Development IDE

Having gotten off the ground with ASDK using VS 2017, I would like to float some preliminary thoughts. While I recognize the importance of VS 2017 for Enterprise customers (who are probably the primary candidates for ASDK), I feel that some recognition of other IDE would be helpful for those lesser equipped (OK, the Community edition is FREE :slight_smile:).The AZ3166 board works well with VS Code and I download basic Arduino (i.e. C/C++) code from an Ubuntu desktop to this board for simple assessments.

Are there any plans to offer alternate IDE for ASDK? I know that the question should be directed to MSFT but I havenโ€™t had any responses to my earlier inquiry about the embedded Linux (in ASDK) so I am not optimistic about any response from Redmond.


Hi @baqwas, how are you?

That was something that I had in mind at the first time I was dealing with the Azure Sphere Kit.

But, thinking about how it is really structured - to work with Azure ecosystem - I believe that the VS 2017 and beyond will be the only IDEs for now.

In other words, the Azure Sphere Kit is meant to be used with Azure cloud, taking in consideration its domain signature structure, and other things related to coded upload and data exchange.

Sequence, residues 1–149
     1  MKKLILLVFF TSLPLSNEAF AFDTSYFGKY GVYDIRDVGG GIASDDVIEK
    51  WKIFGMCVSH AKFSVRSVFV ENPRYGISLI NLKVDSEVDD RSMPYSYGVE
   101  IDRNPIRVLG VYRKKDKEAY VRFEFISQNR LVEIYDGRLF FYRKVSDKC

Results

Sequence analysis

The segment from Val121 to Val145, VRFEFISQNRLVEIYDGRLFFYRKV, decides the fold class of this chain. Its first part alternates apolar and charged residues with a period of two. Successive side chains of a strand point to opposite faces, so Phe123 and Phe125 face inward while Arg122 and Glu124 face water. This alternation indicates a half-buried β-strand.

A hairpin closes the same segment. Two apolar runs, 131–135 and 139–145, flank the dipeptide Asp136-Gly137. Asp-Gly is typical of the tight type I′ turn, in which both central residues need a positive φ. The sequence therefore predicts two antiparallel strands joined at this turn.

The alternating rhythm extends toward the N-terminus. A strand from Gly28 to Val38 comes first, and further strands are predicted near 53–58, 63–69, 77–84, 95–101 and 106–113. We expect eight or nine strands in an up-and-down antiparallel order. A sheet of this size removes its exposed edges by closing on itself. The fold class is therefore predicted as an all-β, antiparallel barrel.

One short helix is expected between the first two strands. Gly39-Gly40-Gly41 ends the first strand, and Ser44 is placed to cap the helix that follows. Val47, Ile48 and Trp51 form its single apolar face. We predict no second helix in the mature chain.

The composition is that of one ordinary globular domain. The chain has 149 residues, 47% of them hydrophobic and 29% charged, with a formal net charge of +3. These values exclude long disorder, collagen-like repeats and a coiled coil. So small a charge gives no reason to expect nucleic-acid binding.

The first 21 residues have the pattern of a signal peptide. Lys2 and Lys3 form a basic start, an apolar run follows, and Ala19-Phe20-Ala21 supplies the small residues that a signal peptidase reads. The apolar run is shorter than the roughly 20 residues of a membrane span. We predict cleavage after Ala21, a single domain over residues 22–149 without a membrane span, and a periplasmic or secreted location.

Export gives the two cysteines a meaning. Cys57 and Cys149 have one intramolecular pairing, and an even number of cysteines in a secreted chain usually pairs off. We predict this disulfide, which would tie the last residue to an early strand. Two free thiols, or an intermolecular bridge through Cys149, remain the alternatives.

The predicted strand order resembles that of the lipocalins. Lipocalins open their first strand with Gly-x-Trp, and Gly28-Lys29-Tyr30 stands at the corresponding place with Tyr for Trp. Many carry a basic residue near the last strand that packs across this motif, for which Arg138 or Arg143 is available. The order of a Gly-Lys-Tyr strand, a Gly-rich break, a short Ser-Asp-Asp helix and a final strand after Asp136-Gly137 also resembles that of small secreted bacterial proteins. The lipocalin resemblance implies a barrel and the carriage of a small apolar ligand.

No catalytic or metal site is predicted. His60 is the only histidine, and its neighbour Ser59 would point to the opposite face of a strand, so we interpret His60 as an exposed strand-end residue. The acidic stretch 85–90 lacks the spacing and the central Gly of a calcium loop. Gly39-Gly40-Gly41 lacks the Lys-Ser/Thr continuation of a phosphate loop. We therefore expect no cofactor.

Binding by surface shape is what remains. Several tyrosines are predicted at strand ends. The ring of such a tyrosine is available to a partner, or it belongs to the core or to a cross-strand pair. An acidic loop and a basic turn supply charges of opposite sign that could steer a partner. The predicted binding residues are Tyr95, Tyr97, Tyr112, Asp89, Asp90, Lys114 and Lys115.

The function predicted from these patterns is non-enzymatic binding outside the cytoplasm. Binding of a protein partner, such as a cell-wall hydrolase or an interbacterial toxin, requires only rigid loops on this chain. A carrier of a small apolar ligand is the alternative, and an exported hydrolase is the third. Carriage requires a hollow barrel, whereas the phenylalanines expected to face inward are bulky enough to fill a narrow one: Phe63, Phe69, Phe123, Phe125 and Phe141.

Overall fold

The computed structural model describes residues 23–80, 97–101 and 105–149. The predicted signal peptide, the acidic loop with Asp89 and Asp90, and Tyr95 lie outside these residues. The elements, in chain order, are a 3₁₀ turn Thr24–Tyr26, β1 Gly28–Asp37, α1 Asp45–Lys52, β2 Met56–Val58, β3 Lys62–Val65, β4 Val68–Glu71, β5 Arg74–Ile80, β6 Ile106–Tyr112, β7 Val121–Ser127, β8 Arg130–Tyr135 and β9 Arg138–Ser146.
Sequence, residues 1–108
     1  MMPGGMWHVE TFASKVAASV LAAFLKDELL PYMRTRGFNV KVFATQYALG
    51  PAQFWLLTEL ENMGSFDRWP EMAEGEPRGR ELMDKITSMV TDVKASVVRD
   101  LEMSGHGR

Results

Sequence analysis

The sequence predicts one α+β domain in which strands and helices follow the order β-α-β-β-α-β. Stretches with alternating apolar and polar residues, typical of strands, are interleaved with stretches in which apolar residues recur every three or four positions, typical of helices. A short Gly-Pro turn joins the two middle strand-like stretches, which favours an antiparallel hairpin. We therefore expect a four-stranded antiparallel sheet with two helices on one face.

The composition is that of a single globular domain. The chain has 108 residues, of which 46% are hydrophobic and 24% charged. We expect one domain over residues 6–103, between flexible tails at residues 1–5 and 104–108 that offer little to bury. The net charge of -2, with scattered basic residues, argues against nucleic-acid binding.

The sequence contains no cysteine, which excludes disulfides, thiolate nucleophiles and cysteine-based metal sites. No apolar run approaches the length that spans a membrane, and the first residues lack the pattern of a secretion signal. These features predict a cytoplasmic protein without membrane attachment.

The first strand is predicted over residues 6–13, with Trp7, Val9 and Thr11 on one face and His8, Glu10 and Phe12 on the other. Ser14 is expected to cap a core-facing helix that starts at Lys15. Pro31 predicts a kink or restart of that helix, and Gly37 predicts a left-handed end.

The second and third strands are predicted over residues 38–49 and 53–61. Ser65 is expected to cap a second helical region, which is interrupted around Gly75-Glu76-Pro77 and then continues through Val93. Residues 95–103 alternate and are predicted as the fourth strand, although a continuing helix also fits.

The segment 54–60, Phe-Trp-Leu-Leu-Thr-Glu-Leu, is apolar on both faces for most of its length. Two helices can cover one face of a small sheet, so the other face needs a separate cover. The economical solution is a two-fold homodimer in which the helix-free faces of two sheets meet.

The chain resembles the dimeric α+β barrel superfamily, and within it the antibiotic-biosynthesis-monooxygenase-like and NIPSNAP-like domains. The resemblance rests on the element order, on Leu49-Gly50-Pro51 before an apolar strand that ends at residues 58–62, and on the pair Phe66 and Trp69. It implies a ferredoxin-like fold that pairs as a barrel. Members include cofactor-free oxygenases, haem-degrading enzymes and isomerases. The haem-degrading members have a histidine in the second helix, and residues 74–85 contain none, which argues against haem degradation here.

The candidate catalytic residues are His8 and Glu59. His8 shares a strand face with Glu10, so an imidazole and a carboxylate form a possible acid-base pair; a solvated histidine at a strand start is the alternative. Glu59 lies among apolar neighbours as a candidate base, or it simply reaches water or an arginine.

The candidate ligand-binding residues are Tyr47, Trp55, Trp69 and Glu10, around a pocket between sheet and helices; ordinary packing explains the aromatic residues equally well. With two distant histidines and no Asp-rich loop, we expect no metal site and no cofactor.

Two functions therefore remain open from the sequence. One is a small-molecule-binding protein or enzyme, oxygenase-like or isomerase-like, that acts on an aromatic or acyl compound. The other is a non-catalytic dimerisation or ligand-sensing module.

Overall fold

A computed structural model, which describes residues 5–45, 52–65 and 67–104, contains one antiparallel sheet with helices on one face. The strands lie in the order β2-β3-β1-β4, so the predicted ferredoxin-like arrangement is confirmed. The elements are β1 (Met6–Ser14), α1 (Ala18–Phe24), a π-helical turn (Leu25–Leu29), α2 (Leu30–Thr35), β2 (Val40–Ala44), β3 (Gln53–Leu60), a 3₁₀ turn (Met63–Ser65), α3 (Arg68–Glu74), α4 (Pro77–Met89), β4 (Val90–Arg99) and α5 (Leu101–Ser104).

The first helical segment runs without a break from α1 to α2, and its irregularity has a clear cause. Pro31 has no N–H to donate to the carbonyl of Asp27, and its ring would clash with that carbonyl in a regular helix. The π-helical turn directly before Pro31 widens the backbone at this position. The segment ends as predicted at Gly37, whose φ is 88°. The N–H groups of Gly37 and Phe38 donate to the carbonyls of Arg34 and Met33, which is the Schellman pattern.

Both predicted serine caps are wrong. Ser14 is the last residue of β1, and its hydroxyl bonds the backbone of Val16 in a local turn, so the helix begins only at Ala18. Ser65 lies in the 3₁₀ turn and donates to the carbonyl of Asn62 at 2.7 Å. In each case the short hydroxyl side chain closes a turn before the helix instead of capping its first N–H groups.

This could change, in my opinion, if other IDEs began to support Azure domain signature, which is needed to authenticate with the Azure Sphere.

I can imagine that JetBrains IDEs may be strong candidates, they are friends with Microsoft things.


Andre Curvello

Hello Andre,

Sorry for the delayed response. I understand your viewpoint (and the MSFT business model). I work with a variety of SMBs including evals from NXP, TI and (now obsolete) Intel where the development toolchains had inertial handicaps - nothing against Eclipse though.

Blinking LEDs using an interrupt handler is a great idea (we do it with other low cost SMBs too) but once you start thinking of a handful of LEDs, initializing the interrupts in a general purpose way gets in the way of self-study exercises where the objective is quickly drill down on a feature and then extend it to real-world applications.

BTW, I have a shrink-wrapped copy of the first edition of Visual Studio whose cover was signed by several dozen MSFT folks who were (and some still are) household names. I been there ever since and with TFS since inception. No issues there!